Dead Last: B.C. and mortgage debt expectations

(TORONTO, ON) – British Columbians expect to carry mortgage debt into retirement – which runs contrary to the expectations of the rest of the country. Nationally, Canadians expect to have paid off their home loans by the time they reach the age of 58. But B.C. lags far behind with the average homeowner not expecting to reach mortgage freedom until they are 66 years old.

A recent study by CIBC laid out the facts:

Average age Canadians expect to be mortgage free

B.C. and mortgage debt

British Columbia 66
Alberta 55
Manitoba/Saskatchewan 58
Ontario 57
Quebec 56
Atlantic Canada 57
National 58

The different expectations are most stark on either side of the Rockies. B.C. residents must be looking with envy at their Albertan neighbours who will have stopped making mortgage payments a full decade before the West Coasters have eliminated their debts. Even residents of Atlantic Canada, expect to have achieved mortgage freedom 9 years earlier than British Columbians.

Jeff Schwartz, executive director of Consolidated Credit Counseling Services of Canada, warns there’s a danger to carrying mortgage debt into retirement –

“Dealing with debt after you have stopped working can be a difficult burden,” advises Schwartz. “I encourage British Columbians to eliminate their mortgage debt as soon as possible to ensure a stable financial future.”

One of the reasons for British Columbians carrying mortgage debt well into their 60s is that they have not taken advantage of low interest rates to accelerate their payments to the same extent as other Canadians. Nationally, 55% of people have taken some action to repay their mortgage faster but B.C. residents come in dead last with only 47% of them taking action to get rid of their mortgages faster.

Consolidated Credit urges Canadians to get rid of their mortgage debt and offers the following tips:

  • Don’t spare your spare cash – Whenever you receive unexpected money, use it for an increased mortgage payment. By attacking your debt with extra payments, you will shorten your mortgage and save thousands of dollars in interest. Using your tax refund (the average Canadian receives $1,600) is an excellent way to accomplish this goal.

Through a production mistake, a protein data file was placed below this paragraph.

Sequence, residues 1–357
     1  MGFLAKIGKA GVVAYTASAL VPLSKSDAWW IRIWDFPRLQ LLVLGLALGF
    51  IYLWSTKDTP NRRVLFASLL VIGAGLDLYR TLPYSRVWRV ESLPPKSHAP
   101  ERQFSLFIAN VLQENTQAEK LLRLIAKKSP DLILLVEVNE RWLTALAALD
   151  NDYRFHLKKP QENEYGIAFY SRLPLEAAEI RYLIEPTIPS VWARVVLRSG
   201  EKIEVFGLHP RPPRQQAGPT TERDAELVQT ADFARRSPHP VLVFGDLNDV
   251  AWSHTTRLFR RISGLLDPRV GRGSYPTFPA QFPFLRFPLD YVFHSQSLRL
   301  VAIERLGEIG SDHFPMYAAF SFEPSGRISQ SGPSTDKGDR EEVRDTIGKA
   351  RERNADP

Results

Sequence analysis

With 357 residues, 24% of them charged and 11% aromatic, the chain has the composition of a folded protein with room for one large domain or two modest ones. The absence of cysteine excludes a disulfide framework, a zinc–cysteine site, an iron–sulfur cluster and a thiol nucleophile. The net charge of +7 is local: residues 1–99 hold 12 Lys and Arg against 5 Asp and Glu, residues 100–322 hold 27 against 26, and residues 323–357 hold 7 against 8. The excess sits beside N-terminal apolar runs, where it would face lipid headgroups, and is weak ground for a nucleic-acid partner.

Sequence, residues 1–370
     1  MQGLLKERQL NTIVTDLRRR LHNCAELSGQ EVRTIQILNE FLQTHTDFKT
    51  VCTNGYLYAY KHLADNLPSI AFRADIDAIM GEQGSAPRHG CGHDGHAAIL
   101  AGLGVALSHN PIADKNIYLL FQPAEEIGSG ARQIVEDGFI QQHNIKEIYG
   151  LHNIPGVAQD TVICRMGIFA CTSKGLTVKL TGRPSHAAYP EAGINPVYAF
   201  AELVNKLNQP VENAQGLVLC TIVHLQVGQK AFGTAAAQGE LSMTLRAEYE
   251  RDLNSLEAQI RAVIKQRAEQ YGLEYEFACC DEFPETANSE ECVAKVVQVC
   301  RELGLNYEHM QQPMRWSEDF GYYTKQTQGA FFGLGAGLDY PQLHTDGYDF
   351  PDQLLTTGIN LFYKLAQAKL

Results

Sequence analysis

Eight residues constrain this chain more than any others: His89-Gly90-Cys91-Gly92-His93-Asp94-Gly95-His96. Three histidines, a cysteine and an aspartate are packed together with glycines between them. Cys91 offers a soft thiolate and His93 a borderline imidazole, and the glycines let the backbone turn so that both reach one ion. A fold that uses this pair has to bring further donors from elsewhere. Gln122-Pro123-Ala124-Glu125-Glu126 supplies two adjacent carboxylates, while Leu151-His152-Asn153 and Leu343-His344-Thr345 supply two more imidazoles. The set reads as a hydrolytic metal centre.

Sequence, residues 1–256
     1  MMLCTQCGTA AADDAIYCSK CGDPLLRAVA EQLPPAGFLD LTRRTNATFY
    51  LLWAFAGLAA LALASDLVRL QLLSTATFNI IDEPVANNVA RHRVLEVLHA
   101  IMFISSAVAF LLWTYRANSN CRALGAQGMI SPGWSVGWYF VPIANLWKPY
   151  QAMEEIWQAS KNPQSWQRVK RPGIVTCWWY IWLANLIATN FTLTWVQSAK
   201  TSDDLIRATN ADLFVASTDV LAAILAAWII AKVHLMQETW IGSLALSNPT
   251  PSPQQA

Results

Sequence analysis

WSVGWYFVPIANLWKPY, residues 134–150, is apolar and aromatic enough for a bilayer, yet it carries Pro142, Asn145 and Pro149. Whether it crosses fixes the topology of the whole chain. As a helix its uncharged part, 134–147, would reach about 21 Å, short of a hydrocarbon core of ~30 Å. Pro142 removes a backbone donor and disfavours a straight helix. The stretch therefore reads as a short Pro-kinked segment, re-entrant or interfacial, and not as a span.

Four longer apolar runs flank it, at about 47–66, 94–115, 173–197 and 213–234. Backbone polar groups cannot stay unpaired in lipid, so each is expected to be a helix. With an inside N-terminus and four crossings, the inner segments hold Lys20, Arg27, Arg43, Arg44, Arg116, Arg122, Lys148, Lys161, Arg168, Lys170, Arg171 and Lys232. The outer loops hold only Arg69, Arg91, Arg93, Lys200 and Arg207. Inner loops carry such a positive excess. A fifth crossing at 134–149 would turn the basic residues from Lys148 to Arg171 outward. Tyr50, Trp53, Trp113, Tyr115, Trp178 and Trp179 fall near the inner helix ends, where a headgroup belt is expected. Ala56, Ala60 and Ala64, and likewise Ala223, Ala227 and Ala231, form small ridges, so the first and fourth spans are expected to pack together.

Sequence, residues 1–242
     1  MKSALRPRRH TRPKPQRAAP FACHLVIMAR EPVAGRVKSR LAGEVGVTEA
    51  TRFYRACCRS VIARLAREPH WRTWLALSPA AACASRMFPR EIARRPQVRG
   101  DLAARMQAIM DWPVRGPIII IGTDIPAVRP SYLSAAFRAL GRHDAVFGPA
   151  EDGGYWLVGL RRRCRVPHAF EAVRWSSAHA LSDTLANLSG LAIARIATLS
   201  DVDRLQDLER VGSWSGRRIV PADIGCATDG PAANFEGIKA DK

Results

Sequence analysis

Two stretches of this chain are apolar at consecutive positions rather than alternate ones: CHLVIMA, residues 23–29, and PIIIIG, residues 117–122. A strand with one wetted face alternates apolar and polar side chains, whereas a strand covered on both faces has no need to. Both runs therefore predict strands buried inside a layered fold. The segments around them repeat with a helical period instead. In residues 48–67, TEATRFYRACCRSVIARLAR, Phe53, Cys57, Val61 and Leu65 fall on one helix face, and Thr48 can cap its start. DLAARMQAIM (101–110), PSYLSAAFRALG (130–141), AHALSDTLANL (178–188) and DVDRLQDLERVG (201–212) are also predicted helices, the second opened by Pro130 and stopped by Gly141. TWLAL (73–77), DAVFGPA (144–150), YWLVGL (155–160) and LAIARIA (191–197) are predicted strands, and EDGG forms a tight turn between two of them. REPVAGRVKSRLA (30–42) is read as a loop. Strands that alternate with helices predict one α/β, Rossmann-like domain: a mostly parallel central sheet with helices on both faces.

• Pick up the pace – Many Canadians are paid every two weeks but only make their mortgage payments once a month. By aligning your mortgage payments with your paydays, you will be able to decrease your mortgage debt at an accelerated rate. Utilizing automatic payments straight from your bank account will make this easier and ensure that you stay on track.
  • Give a little more – Rounding up your payment can make a big difference in the length, and cost, of your mortgage. Instead of paying $1,252 each payment cycle, upping it to $1,300 will decrease the amount of time it will take to pay off your debt and also save you thousands of dollars in interest.

“Mortgage debt is not ’til death do us part,'” says Schwartz. “Increasing payment amount and frequency can make you debt free faster and remove one major worry from your retirement planning.”

About Consolidated Credit Counseling Services of Canada, Inc.:

Consolidated Credit Counseling Services of Canada is a national non-profit credit counselling organization that teaches consumers about personal finance.

For more information or to request an interview with Jeffrey Schwartz, please contact:

Eric Spence, Public Relations Coordinator, Consolidated Credit Counseling Services of Canada, Inc., T: 416-915-7283 ext.1041, C: 416-731-5588, F: 416-915-5200, E: [email protected]

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